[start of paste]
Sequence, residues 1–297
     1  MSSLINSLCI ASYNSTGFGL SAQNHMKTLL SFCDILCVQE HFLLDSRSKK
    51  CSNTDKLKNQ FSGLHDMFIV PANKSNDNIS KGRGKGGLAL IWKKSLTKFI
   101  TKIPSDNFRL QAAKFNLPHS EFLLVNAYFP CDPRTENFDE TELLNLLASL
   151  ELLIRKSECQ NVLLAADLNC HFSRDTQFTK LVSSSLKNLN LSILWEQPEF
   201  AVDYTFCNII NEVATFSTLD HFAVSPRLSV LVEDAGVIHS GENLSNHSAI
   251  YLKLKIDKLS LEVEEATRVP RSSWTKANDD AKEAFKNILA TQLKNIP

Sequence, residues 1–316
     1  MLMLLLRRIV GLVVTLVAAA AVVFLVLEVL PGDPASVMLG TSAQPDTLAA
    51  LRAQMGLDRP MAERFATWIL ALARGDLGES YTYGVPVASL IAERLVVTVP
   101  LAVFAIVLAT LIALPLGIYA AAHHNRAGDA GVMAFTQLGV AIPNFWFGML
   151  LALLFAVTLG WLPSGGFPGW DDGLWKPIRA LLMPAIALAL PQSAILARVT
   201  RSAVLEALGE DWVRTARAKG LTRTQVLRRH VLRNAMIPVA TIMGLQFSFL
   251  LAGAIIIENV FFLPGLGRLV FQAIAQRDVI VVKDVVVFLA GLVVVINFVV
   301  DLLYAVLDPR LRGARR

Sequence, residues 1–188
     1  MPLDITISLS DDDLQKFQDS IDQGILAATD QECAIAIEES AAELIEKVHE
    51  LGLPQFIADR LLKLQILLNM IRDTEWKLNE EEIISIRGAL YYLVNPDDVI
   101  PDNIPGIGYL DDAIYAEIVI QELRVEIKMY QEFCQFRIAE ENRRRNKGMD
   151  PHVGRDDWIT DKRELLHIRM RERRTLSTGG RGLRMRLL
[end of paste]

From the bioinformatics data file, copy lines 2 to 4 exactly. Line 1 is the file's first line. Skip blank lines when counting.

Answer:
     1  MSSLINSLCI ASYNSTGFGL SAQNHMKTLL SFCDILCVQE HFLLDSRSKK
    51  CSNTDKLKNQ FSGLHDMFIV PANKSNDNIS KGRGKGGLAL IWKKSLTKFI
   101  TKIPSDNFRL QAAKFNLPHS EFLLVNAYFP CDPRTENFDE TELLNLLASL